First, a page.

Abstract

Treatment-associated myeloid neoplasias (tMN) are serious iatrogenic complications of cytotoxic therapies applied to primary malignancies (PM). With increased therapeutic success rates and prolonged survival of cancer patients, tMN may become more prevalent. Although tMN diagnosis is trivial to the extent that previous therapies are known, tMN may represent coincidental primary MDS/AML not causally linked to chemotherapy (ctx) or radiation (rtx). Other seemingly tMN cases may carry germ line predisposition responsible for co-occurrence of 2 neoplastic processes, and finally others are truly treatment-related MN. With the recognition of clonal hematopoiesis of indeterminate potential (CHIP), it is also likely the preexisting CHIP would be either selected for, eliminated by cancer therapies, or that ctx or rtx lead to emergence of CHIP. tMN may also manifest without antecedent CHIP, and thus could be either CHIP-derived or de novo.

Some of the problems in assigning somatic mutational pattern to tMN may be alleviated by application of proper control groups which include sMN (MN after PM treated only surgically). In our cohort of 1058 patients, we identified 109 cases of such sMN, 266 tMN with a history of rtx or ctx for PM, and 683 of primary MN (pMN), having no PM. Of these 65 sMN, 145 tMN, and 683 pMN were sequenced by NGS. Using these three patient groups, we sought somatic mutations that distinguish them.

tMN presented as more aggressive disease: diagnosed older vs. pMN/sMN (68 years, p<.001) , shorter latency from PM to MN vs. sMN (8.7 vs. 10.5 years, p=.085), complex cytogenetics vs. pMN, sMN (p=1.4x10-5, p=2.7x10-4) including chromosome 7 (p=1.7x10-7, p=8.4x10-5) and 5 abnormalities (p=.044, p=.09), 50% tMN were advanced MDS/AML vs. 35% pMN, 42% sMN (p=.00016, p=.25). The most common mutations in all 3 groups were TET2, DNMT3A, ASXL1 and SRSF2. Mutations in SF3B1 and JAK2 were less common in tMN vs. pMN, sMN (p=.058, p=.014; p=.011, p=.327) while those in TP53, KIT, EZH2,WT1 were most frequently mutated in tMN vs. pMN/sMN (OR 2.6, p=.002, OR 6, p=.011, OR 1.9, p=.083, OR 3.2, p=.08).

Mutations in ETV6 and EZH2 were only found in rtx vs. ctx-treated tMN cases (p=.046, p=.004). TP53 mutations were associated with ctx (OR 7.2, p=0.062), and when combined with cases which received both ctx and rtx vs. rtx alone, TP53 mutation was 9.3x was common (p=.014). In tMN TP53 and EZH2-mutated cases, a higher proportion of transversions was observed vs. those found in pMN (p=.055, p= 0.052). The domains mutated in TP53 tMN vs. pMN/sMN cases were similar, while EZH2-mutated tMN were enriched for hits in domain 2 (p=0.0604). This suggests that the type of treatment utilized influences the molecular signature of tMN in terms of frequency of mutations as well as types of mutations found.

A meta-analysis of 9 CHIP studies was performed to pool overall frequencies of MN-related genes. These frequencies were compared to those of ancestral events (determined by recapitulation of clonal hierarchy via variant allele frequency and zygosity) in our cohort. This yielded 3 categories of mutations: those that are CHIP-derived (frequency in CHIP> ancestral frequency in MN), from de novo MN (mutations in gene not seen in CHIP), or those found in both CHIP and MN, termed mix-derived. CHIP-derived hits were TET2, DNMT3A, JAK2 while STAG2, EZH2, APC, MLL, WT1 were de novo hits.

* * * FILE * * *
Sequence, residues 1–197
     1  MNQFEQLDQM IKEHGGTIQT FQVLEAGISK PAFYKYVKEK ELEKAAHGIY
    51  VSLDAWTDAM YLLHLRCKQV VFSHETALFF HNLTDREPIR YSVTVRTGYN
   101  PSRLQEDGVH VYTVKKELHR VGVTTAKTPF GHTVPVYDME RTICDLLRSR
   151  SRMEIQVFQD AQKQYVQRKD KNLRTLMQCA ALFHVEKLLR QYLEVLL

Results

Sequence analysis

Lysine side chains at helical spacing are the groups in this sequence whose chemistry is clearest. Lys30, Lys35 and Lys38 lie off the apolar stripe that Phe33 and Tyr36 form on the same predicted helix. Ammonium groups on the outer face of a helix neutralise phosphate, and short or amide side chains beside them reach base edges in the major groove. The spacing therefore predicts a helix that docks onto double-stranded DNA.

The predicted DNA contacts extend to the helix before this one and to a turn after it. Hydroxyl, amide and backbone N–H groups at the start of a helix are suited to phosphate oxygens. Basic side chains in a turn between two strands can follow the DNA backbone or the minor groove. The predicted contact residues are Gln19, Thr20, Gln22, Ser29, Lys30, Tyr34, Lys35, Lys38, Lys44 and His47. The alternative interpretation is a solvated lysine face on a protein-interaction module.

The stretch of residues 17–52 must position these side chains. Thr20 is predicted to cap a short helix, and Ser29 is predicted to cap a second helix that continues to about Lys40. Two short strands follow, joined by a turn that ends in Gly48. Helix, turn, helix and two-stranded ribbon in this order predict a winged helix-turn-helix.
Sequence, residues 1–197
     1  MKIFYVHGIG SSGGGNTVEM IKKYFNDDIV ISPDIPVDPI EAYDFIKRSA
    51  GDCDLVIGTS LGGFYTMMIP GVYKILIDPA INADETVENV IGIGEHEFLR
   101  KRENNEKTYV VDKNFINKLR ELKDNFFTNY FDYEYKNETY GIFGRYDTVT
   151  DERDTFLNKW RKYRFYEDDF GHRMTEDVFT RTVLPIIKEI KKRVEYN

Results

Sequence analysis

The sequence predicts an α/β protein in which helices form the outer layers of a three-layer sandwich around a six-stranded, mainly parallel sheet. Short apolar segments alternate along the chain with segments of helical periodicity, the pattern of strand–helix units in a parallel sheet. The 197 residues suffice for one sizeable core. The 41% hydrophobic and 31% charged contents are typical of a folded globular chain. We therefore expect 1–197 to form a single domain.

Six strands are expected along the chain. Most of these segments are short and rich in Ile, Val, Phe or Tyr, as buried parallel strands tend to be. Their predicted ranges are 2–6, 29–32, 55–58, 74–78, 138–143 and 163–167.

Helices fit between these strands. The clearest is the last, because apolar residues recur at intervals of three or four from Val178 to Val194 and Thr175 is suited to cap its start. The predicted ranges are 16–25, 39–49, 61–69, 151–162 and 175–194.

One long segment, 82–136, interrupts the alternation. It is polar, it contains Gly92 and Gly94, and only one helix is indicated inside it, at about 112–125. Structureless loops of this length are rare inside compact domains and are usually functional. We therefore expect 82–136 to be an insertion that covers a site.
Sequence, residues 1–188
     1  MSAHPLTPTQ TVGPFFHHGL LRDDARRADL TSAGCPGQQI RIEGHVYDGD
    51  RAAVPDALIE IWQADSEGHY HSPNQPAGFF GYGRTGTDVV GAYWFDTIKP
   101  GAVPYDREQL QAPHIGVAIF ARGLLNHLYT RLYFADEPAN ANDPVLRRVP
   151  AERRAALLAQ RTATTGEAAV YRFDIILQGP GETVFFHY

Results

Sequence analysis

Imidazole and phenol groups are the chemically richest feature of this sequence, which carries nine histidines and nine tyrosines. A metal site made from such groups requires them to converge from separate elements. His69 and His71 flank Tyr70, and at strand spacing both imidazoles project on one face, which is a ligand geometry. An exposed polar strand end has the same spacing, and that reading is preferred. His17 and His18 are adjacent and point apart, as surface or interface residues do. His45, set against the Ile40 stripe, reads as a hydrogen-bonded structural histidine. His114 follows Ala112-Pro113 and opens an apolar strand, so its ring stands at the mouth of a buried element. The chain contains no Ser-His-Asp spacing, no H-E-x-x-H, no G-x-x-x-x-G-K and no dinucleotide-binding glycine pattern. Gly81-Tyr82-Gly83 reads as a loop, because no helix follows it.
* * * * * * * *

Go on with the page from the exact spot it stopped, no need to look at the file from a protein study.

Using this categorization scheme tMN break down as 19% CHIP-derived, 38% de novo, and 24% mix-derived. CHIP-derived tMN were, on average, 6 years older than de novo tMN (p=.019). This also held true for the age of PM diagnosis, where CHIP-derived cases were, on average, 10 years older than de novo tMN (p=.0175), suggesting that age of PM may be correlated with acquisition of CHIP in tMN. CHIP-derived vs. de novo tMN latencies did not differ.

The molecular signatures of tMN are influenced by therapies utilized for PM as well as CHIP. Targeted sequencing for germ line predisposition genes is under way for these patients to further characterize their molecular profiles.

Disclosures

Nazha:MEI: Consultancy. Gerds:Apexx Oncology: Consultancy; Incyte: Consultancy; Celgene: Consultancy; CTI Biopharma: Consultancy. Carraway:Jazz: Speakers Bureau; Balaxa: Membership on an entity's Board of Directors or advisory committees, Speakers Bureau; FibroGen: Consultancy; Celgene: Membership on an entity's Board of Directors or advisory committees, Research Funding, Speakers Bureau; Amgen: Membership on an entity's Board of Directors or advisory committees; Novartis: Speakers Bureau; Agios: Consultancy, Speakers Bureau. Sekeres:Celgene: Membership on an entity's Board of Directors or advisory committees; Celgene: Membership on an entity's Board of Directors or advisory committees; Opsona: Membership on an entity's Board of Directors or advisory committees; Opsona: Membership on an entity's Board of Directors or advisory committees. Maciejewski:Alexion Pharmaceuticals, Inc.: Consultancy, Membership on an entity's Board of Directors or advisory committees, Speakers Bureau; Apellis Pharmaceuticals: Consultancy; Apellis Pharmaceuticals: Consultancy; Alexion Pharmaceuticals, Inc.: Consultancy, Membership on an entity's Board of Directors or advisory committees, Speakers Bureau; Ra Pharmaceuticals, Inc: Consultancy; Ra Pharmaceuticals, Inc: Consultancy.

Author notes

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Asterisk with author names denotes non-ASH members.